The Scientist

» archaeology

Most Recent

image: TB over Time

TB over Time

By | August 1, 2015

Eighteenth-century DNA sequences yield insights into the history of tuberculosis infections.

0 Comments

image: TB Traces

TB Traces

By | August 1, 2015

Take a trip to the mummy museum in Vác, Hungary, to see the human remains that helped researchers learn more about the origins of tuberculosis in Europe.

0 Comments

image: Oldest Stone Tools Discovered

Oldest Stone Tools Discovered

By | May 26, 2015

Researchers unearth 3.3 million-year-old stone flakes in Kenya, forcing a reimagining of the emergence of such technologies in the ancestors of humans.

0 Comments

image: Researchers Unearth Cervantes’s Tomb

Researchers Unearth Cervantes’s Tomb

By | March 19, 2015

A convent in Madrid may contain some of the Spanish literary giant’s remains, forensic experts say.

1 Comment

image: Corn Chronicle

Corn Chronicle

By | January 8, 2015

A genetic analysis of ancient and modern maize clarifies the crop’s checkered domestication history.

0 Comments

image: Oldest Abstract Etching Yet Found

Oldest Abstract Etching Yet Found

By | December 5, 2014

Archaeologists report that a shell with geometric engravings was carved by a Homo erectus hundreds of thousands of years ago.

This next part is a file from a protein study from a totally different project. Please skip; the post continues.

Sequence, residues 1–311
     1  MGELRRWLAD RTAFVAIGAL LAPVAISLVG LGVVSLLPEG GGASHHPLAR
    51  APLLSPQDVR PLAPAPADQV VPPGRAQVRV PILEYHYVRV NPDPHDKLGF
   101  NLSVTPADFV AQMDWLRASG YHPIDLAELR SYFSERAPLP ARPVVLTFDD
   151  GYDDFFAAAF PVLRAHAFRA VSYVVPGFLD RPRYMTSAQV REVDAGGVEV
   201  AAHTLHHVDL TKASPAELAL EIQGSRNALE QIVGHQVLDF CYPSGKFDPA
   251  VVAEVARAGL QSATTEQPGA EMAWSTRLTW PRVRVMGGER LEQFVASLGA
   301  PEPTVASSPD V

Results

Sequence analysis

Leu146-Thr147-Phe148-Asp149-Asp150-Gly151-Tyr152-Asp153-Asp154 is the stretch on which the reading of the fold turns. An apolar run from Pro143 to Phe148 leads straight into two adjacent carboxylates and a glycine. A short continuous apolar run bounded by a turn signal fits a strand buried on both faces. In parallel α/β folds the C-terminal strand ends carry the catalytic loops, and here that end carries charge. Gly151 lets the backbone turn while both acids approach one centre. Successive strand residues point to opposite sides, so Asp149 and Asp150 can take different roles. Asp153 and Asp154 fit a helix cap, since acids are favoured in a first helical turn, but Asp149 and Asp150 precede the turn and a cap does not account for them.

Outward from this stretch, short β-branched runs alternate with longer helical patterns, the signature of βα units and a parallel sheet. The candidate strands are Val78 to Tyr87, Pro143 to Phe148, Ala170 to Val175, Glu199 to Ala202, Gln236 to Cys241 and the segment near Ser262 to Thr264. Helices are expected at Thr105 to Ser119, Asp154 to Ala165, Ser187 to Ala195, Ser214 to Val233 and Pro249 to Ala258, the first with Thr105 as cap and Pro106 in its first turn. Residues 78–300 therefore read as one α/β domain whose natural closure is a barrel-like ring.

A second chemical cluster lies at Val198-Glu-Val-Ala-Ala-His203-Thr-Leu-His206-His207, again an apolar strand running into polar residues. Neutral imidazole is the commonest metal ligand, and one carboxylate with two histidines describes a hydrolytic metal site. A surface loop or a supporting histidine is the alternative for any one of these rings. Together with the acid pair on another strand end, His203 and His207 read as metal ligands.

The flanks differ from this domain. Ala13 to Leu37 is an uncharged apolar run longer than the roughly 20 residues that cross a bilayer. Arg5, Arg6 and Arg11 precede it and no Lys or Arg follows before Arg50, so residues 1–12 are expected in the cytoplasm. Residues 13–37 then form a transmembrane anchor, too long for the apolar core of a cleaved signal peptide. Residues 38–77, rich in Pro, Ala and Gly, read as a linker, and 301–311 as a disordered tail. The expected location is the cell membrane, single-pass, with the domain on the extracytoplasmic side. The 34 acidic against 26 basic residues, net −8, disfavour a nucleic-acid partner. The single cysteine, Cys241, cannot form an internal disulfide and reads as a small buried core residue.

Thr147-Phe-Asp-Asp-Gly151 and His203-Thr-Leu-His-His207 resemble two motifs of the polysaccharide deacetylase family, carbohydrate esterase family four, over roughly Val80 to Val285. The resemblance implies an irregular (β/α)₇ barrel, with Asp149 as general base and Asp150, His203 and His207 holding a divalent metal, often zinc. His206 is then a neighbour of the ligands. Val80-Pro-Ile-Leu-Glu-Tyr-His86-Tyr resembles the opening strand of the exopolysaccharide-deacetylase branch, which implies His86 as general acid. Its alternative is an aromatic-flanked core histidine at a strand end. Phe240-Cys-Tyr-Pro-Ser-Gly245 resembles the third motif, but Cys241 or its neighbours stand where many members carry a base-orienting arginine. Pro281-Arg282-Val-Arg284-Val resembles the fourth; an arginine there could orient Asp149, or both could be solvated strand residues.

0 Comments

image: Barley Key to Mankind’s Alpine Incursion

Barley Key to Mankind’s Alpine Incursion

By | November 24, 2014

The cold-tolerant cereal crop allowed humans to live and farm higher than ever starting more than 3,000 years ago.

0 Comments

image: <em>The Scientist</em> on The Pulse #3

The Scientist on The Pulse #3

By | January 28, 2014

Kerry Grens chats about ancient tooth decay, asthma, and fat cells.

0 Comments

image: Dating the Origin of Us

Dating the Origin of Us

By | November 1, 2013

Theoretical anthropogeny seeks to understand how Homo sapiens rose to a position of global dominance.

11 Comments

image: A Bone-Deep Kinship

A Bone-Deep Kinship

By | September 1, 2013

A Neanderthal rib fragment provides conclusive evidence that the ancient hominins were susceptible to a benign bone tumor of modern humans.

0 Comments

Advertisement

Popular Now

  1. Opinion: Making Progress by Slowing Down
  2. A Case of Sexual Ambiguity, 1865
    Foundations A Case of Sexual Ambiguity, 1865

    This year marks the 150th anniversary of an autopsy report describing the first known case of a sexual development disorder.

  3. Influential Cancer Biologist Dies
  4. Image of the Day: Colorful Corn
Advertisement
Cell Sciences
Cell Sciences
Advertisement
Life Technologies